Most people are born leaders; some assume leadership and on some leadership is thrust. Many philosophers have also taken upon themselves to point out that this aspect is determined by circumstances. Aristotle, Ptolemy the First and Confucius shared this view. Others have claimed that leadership is the conclusion that eventually arrives – after the completion of a process.
But for us in Nigerians have leadership. In fact, we have too many leaders at every step. What we lack is a leader who is willing to transform society. Most of our leaders have the quality to convince a vast majority of the people to believe in what they are saying. The charm of their speeches convince all that what they are doing is good. Nigeria in the past has produced, at the political level, a good number of leaders genuinely fighting for the people’s cause. Why this is society has not produced an adequate number of leaders, social and political, dedicated to the public cause for quite some time now? The country lacks the resources that make a democratic nation thrive. When 60 per cent of the people live below poverty line, the ruling party’s main job is to keep them happy with or without satisfying their need. In such a situation, it is difficult to propagate democracy as the great divide between the rich and the poor will become so obvious.
Acquiring leadership through heredity still continues in some countries guided by the principles of monarchy, but such leadership is mostly notional and the powers of true governance rest in the hands of the elected leader. However, there is also the twist in the tail where political leadership sometimes flows down to the next tier through existing family lines. Classical examples of this are evident in India – the Nehru clan; in Pakistan – the Bhutto clan and in the USA – the Kennedy’s and the Bush’s. In Nigeria this factor has been reflected within the two largest political parties – the ruling party; PDP and their opposition counterparts.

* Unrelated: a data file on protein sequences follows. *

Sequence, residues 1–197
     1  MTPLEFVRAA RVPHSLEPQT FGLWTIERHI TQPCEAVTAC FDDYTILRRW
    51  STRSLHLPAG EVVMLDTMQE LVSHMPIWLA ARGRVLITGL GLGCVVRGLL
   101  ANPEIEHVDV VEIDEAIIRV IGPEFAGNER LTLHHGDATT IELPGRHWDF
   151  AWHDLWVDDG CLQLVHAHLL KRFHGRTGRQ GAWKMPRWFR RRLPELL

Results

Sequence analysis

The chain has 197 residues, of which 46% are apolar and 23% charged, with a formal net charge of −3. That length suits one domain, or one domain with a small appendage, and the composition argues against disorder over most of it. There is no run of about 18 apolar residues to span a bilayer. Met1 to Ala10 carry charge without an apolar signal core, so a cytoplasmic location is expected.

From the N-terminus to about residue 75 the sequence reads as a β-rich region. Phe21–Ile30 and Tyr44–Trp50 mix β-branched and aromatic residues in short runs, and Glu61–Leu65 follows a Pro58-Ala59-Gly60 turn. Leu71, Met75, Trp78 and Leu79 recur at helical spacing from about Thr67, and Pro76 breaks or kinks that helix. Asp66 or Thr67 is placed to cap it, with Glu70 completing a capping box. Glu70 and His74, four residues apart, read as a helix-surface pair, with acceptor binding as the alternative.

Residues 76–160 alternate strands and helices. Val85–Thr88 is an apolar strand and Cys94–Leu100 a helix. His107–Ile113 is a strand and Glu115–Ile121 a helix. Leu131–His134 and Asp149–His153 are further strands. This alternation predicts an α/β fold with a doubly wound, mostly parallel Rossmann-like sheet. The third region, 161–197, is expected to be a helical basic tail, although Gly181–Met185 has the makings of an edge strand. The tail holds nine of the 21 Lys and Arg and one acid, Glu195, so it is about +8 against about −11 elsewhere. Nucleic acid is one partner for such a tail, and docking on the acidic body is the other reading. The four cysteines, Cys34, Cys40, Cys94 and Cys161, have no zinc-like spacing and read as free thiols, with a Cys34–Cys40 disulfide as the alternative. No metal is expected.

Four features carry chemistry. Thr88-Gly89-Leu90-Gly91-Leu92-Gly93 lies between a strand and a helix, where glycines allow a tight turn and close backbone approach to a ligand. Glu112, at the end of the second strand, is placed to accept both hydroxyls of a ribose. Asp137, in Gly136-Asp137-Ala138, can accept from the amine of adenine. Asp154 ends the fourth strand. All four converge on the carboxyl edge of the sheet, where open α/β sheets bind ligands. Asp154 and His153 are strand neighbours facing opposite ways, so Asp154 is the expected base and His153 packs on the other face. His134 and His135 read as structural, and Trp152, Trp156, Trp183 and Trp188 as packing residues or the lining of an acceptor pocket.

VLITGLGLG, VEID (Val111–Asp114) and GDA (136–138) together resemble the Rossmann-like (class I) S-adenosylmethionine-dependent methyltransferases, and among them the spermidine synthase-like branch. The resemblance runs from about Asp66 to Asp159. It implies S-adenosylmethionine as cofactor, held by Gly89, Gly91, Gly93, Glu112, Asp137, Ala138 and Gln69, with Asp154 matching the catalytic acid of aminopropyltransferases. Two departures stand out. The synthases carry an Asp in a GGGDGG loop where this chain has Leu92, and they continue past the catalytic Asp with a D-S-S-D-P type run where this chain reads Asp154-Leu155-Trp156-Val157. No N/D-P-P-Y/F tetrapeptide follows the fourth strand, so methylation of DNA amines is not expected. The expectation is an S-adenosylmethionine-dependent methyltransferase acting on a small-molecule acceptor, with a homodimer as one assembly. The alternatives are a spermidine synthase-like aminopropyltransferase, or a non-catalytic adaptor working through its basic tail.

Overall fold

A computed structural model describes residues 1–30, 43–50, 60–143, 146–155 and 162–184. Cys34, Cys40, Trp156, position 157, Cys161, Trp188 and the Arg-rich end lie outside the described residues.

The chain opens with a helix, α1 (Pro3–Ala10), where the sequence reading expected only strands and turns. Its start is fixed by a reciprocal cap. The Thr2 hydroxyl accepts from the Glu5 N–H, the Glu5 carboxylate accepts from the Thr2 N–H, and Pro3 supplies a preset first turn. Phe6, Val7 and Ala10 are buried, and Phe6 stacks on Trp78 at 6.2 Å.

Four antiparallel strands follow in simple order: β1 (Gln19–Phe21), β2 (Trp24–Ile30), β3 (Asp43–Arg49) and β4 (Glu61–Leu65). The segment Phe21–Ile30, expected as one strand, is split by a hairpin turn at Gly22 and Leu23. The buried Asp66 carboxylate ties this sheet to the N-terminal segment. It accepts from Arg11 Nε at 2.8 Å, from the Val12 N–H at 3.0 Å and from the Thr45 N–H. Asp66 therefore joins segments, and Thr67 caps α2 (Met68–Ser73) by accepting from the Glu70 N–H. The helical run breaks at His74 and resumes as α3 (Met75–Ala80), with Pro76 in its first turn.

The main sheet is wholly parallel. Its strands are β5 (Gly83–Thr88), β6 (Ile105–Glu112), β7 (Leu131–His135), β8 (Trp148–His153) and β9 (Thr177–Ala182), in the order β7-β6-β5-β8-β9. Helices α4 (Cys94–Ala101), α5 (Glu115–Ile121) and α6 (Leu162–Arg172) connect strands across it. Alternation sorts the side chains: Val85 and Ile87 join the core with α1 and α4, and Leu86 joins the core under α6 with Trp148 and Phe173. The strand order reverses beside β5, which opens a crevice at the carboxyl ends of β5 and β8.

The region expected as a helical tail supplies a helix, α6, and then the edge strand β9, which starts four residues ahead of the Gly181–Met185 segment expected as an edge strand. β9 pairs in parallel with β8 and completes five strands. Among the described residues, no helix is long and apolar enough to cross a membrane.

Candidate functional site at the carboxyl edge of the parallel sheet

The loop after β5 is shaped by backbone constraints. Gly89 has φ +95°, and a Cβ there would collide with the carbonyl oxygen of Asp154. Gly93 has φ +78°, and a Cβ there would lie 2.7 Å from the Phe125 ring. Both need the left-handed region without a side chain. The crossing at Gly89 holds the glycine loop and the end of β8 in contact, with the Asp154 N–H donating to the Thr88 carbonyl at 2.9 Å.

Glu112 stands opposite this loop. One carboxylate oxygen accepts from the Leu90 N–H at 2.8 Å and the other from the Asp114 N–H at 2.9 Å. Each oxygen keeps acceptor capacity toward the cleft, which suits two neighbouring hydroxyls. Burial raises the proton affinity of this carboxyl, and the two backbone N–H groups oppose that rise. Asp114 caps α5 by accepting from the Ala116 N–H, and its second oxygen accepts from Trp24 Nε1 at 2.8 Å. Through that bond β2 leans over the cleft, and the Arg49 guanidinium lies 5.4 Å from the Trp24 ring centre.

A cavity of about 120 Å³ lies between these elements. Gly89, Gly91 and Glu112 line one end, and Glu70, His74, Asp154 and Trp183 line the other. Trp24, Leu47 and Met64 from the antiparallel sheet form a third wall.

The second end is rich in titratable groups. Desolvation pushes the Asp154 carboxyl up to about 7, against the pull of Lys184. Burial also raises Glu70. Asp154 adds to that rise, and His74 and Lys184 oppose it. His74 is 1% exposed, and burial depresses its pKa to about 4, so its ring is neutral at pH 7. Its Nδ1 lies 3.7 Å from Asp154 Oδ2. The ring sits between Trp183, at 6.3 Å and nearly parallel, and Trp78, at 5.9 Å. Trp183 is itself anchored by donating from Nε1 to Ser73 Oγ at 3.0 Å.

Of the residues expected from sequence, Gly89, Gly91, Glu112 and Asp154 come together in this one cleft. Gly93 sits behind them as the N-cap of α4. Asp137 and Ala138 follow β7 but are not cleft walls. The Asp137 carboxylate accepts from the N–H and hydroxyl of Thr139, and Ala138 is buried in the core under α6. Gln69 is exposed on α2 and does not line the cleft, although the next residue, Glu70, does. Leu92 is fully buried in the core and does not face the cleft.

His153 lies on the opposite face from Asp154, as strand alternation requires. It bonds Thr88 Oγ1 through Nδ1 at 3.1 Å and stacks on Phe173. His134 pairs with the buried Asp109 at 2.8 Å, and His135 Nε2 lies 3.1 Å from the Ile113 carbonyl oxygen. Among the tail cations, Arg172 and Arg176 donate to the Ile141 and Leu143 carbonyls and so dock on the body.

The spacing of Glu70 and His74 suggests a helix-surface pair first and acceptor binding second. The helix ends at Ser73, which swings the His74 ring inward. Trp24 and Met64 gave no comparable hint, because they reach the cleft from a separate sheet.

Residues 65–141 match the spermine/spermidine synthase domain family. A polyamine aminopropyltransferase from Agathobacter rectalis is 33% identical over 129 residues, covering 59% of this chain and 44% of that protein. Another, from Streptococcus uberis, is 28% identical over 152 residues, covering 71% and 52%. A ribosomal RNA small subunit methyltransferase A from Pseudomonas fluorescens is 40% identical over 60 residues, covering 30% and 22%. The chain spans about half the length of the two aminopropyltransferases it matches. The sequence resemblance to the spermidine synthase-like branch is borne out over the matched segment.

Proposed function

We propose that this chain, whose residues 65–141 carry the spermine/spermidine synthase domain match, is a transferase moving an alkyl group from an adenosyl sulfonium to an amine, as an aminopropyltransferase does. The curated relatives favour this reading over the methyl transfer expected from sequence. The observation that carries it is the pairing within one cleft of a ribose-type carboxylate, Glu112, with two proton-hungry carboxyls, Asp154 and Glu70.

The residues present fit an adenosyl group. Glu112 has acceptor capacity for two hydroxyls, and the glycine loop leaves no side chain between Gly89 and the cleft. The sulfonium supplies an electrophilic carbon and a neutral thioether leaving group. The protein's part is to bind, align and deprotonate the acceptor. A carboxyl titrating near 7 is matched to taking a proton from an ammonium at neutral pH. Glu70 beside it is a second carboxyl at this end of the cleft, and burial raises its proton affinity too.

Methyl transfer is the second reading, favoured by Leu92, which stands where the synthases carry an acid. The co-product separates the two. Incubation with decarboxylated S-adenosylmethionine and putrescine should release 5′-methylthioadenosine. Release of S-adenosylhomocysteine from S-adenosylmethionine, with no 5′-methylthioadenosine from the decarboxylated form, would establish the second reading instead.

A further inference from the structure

As a nation; Nigerians were fulfilled with the struggle made so far to bring the late president Umaru Yar’Adua back to life… to preside over the Federal Republic of Nigeria. The death of Nigerian President, Umaru Yar’Adua on May 5, 2010, was taken by most civil liberty campaigners as the demise of Nigeria’s crusader of the Rule of Law. Umaru Yar’Adua was internationally recognized for his bold stance against law court legitimacy. It flashes into my article tagged RESIGNATION PRESSURE ON VP JONATHAN: To Squat or Squash Nigeria’s Democracy; I stressed that the push for Dr. Jonathan to resign was a civic coup that stands in the way of the citizens when accused of a crime by the state and when trying to seek bail from the court — a proposition absolutely inconsistent with the concept of the ‘rule of law’ that presupposes an accused ‘innocent until proven guilty.One-size-fits-all” government sick leave mandate must come in place because it forces democracy to make the state run with social value. If the plan of those pressuring the Dr. Jonathan is to create a situation where he would resign for the Senate President David Mark to take over, who then is more capable and judicious than this administration? Can three months elections spare Nigerian democracy? In the event that the President is unable to complete his term, what did the constitution say?